With my new Macbook Pro on the way from China, I have started the big consolidation of hardware and software platforms. The goal is to improve the change management of software development environments, increase mobility and increase stability of the environments.
The way how I am going to do that is moving all "fragile" environments to virtual machines. My most fragile environment is Windows XP (I am still resisting Vista). What I mean "fragile" is well known "software rot" of the developers machine, caused by frequent installs and uninstalls (or upgrades) of components, tools, etc. After some time (which varies by the kind and frequency of installs), the machine becomes more and more sluggish, registry bloated and occurrence of weird things more frequent - up to the point that developer decides to blow off the Windows install and start from scratch.
This operating system "cancer" can be slowed down a lot in virtual machine by using several baselines: clean install, clean install with Visual Studio, etc. Whenever you need to roll back an install (or test a new Beta version of Visual Studio, many of which were notoriously known to be uninstallable) you just throw away latest VM status. It takes some discipline to keep things documented and to keep the images up to date with all the patches and updates - which may be a challenge ;-).
As host platform I will be using OS X (for the notebook) and Linux (for the desktop). I could use Windows as host on desktop, but the latest series of BSOD I have experienced on my barely one year old desktop machine made me to rethink that. It is time again after few years, to make another try of Linux - for three main reasons. First is to find out whether there is indeed some hardware problem with the machine (the memory tests were showing no issues) or whether it is (as usual) some bug in third-party driver. It is so annoying that any unknown sloppy programming job of some never-heard-of company can shut down XP completely - thanks to Microsoft's decision to put pretty much everything into kernel space :-(. If Linux works OK, the point is proven - it WAS a software problem.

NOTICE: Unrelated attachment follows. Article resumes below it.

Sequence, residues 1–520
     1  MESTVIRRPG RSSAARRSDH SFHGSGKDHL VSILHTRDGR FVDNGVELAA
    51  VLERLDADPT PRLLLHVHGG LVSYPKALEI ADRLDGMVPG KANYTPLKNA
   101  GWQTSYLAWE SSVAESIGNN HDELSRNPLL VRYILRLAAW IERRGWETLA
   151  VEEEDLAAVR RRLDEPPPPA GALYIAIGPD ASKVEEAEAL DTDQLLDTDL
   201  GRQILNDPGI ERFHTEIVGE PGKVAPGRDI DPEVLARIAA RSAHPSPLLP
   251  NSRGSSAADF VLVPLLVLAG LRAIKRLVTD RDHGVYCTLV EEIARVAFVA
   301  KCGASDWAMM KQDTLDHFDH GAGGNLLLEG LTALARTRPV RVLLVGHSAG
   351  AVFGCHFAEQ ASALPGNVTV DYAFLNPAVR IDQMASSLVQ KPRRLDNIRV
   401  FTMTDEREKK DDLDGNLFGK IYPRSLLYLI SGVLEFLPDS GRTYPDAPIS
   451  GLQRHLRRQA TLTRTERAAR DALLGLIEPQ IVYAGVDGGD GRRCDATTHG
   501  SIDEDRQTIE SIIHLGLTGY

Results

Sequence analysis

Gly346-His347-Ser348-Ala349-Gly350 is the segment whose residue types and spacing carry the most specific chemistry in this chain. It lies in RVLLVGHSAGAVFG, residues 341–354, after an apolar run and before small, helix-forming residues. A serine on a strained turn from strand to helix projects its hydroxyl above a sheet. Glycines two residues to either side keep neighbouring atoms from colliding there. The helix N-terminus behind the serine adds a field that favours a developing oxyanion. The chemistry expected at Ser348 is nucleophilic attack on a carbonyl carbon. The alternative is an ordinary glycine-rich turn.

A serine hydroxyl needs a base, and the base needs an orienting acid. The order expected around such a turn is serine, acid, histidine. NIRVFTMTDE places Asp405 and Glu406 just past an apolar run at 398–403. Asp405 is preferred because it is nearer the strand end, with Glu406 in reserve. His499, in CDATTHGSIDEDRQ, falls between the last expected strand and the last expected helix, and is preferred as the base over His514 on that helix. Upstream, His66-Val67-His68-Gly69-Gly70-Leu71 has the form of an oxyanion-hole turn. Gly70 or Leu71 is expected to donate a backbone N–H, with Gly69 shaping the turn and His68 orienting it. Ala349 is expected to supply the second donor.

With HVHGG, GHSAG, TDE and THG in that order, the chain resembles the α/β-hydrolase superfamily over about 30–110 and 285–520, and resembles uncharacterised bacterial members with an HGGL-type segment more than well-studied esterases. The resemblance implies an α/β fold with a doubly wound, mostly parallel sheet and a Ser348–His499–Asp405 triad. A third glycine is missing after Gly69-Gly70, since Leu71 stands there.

The second reason for Linux is that several of our clients are using Linux and virtualization and we want to recreate comparable environment in the lab for evaluation and testing purposes. We had lot of fun finding out why did the Oracle Advanced Queueing stop communicating with ATG Dynamo service components recently and I am sure this is not the only scenario where moving physical server into virtualized subtly changes environment up to the point of breaking it :-)
And the third reason for Linux as a host is convenience having same kind of OS as host on notebook and workstation and power of that OS. Shared availability of tools such as bash and Unix file tools can make administration and automatization much simpler.
I have not made final decision whether to stay with Parallels (which is available for all three platforms or switch to VMWARE. Right now, I am leaning more towards VMWARE - I have tested it out on Linux and Windows and found it working very well - at least the free player version. The VMWARE Server's UI performance on Windows host was not very impressive - but I guess that was not what it was written for. The reviews of performance I have read favorize VMWARE on Mac and very important factor is availability of ready-made pre-built images - software appliances from Marketplace. Neither have I selected the Linux Distro - albeit it will be one of the major ones.
As the guest OS I will be using XP - the only way how to do the .NET development. As well as Linux, which can be useful to overcome the lack of Java 6 on Mac (until resolved) as also to contain various database environments into their own appliance (MySQL, Oracle, PostgreSQL). I want also compare user experience when doing Java development on Linux and Mac with respect to on Windows - in recent discussions on Javalobby so many people were claiming superiority of Linux for developer's workstation that I cannot resist the temptation :-).
I am really curious how this will work when implemented. The only scenario where the above described setup would not work is the kind of project we did last year: depending on hardware devices physically attached to the PC by Firewire or even custom board (such as biometric camera with face recognition software or secure document scanner). Right now, we have the the luxury of not needing anything like this - which is great time to try it out ...
Author Miro Adamy
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